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Eight Best Practices for Moving Forward in Farm Finance

 

Eight Best Practices for Moving Forward in Farm Finance


Oct 26, 2018
Financial Institutions

Growing up on a farm in the Midwest, I learned quickly that weather and commodity prices had a major impact on the economic success of farm families. I recall my parents talking about favorable years for feeding cattle that drove economic progress and enabled them to purchase various assets for the farm operation and the family.

Conversely, profit margins for grain and livestock producers were often tight because of what were often abundant supplies of commodities. This dynamic has driven, in part, the “margin compression” and profitability challenges the industry has faced in the Midwest since 2012.

In September, the Federal Reserve Board released its August 2018 Beige Book update, which contains a summary of commentary from Federal Reserve districts. Several Federal Reserve banks in the Midwest expressed concerns about the weakening credit conditions of the agricultural sector.  

In view of the current economic challenges posed by “margin compression” in the agricultural industry, what are some best practices for moving forward in farm finance?

  1. Use fiscal year-end balance sheets. This provides a consistent measuring means for analyzing the financial position and progress of the operation. It also facilitates the generation of accrued income statements.
  2. Use accrual income statements in measuring the profit of the operation from year to year. These can be completed with beginning and year-end balance sheets together with the borrower’s income statement. According to university research, the difference between the tax form Schedule F-reported net income and the accrual adjusted net income can be 50% or more. Is a difference of 50% in the analysis of the profitability of your farm customers good enough for your institution and its board?
  3. Encourage your customers to pursue opportunities to reduce the costs of their operations. This is critical in the environment of “margin compression” we operate in today. A recent university study indicated this was one of the key attributes of producers generating higher-than-average profits in this economic environment.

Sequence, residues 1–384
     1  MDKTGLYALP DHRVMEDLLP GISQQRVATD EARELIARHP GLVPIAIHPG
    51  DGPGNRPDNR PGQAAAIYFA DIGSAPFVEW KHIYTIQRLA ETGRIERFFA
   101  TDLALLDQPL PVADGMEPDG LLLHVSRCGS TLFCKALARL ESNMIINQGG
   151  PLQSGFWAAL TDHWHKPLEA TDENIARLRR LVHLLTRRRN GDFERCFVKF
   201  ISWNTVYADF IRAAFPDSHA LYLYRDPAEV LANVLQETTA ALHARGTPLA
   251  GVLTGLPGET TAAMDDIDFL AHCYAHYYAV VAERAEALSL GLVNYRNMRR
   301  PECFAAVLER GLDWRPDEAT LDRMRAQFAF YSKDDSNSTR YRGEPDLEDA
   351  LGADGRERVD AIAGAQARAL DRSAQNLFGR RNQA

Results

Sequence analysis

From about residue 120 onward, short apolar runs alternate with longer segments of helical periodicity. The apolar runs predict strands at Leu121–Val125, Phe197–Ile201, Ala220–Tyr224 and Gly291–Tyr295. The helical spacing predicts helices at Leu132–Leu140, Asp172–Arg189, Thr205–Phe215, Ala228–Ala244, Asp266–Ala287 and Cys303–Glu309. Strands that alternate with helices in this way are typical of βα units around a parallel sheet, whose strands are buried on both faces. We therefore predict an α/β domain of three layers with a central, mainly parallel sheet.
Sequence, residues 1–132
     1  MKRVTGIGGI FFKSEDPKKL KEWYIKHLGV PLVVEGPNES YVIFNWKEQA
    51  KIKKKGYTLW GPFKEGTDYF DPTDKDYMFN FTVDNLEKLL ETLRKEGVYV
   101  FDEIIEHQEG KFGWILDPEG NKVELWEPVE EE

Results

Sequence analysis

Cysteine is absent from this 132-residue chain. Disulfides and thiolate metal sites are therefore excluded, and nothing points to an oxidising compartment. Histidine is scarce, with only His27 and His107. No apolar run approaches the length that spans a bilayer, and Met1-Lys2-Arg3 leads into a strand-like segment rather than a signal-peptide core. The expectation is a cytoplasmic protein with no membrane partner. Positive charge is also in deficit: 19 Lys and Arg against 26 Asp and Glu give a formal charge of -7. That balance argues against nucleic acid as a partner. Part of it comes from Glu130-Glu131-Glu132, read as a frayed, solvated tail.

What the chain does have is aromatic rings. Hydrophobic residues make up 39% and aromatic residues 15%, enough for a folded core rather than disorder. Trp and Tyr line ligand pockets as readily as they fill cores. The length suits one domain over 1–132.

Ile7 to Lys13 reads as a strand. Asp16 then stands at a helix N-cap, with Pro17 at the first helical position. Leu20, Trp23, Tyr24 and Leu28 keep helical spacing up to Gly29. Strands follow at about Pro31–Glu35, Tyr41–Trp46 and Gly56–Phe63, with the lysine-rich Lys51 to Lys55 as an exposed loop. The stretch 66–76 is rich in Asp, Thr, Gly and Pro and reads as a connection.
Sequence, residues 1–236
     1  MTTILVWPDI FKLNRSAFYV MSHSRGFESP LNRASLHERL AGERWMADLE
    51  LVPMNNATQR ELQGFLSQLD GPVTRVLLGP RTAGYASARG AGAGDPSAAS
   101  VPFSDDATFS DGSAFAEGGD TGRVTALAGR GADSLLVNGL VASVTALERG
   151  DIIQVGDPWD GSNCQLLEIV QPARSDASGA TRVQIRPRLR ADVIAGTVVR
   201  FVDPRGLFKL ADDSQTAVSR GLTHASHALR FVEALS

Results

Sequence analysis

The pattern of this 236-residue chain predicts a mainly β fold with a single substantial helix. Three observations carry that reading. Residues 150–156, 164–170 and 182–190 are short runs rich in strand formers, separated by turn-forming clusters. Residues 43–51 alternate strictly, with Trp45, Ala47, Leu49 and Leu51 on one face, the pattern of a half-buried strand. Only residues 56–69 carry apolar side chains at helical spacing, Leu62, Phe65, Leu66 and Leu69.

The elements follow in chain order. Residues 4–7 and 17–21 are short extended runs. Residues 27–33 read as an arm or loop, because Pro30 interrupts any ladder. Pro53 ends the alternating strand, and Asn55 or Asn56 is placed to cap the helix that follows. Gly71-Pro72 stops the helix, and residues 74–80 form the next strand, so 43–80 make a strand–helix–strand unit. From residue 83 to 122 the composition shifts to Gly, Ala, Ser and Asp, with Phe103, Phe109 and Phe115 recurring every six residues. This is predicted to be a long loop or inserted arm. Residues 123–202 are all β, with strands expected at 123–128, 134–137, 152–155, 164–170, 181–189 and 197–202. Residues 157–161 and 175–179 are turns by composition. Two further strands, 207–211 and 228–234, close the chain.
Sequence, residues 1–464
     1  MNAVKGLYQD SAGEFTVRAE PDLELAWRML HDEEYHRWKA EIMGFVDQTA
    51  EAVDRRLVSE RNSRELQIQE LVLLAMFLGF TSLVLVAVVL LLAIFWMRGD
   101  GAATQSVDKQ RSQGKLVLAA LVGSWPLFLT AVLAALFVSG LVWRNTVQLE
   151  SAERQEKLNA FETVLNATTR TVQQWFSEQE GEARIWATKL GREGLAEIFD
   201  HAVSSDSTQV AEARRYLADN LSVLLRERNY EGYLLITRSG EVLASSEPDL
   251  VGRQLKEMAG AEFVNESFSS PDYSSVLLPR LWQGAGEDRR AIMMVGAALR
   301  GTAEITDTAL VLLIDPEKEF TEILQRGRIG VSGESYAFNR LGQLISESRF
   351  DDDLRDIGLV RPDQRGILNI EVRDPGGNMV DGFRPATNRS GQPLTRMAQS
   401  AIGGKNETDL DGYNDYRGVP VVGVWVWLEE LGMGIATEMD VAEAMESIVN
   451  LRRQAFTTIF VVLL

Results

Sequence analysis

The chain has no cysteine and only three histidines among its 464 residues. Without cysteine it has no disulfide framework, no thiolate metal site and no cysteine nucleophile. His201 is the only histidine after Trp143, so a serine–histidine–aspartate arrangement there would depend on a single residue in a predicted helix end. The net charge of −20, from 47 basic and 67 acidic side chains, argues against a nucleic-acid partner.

4. Work with the borrower in projecting cash flow at “long range prices” to determine whether the farm is structured to succeed. Use the annual cash flow projections to complete a sensitivity analysis or stress test to evaluate cash flow workability should key factors that drive cash flow change to a material extent.
  5. Focus on cash flow and repayment capacity as the basis for credit.
  6. Obtain from the customer — and document — the risk management strategy of the business for the coming year, particularly as it relates to insurance, marketing and plans for the reduction of costs as feasible.
  7. Itemize carryover debt and address with the customer the driving forces behind it, plans for correction, and the optimum means to eliminate it.
  8. Pay close attention to liquidity. Recent university studies reflect a decreasing trend in this metric overall in Midwest farming operations since 2012.

If your institution is interested in an independent review of your agricultural and commercial loan portfolios, consider contacting Wipfli to provide additional support for your loan review function. Our staff are seasoned professionals, each with over 20 years of experience in the industry.

Author(s)

Jeff Davey
Jeffrey W. Davey, CRC
Manager
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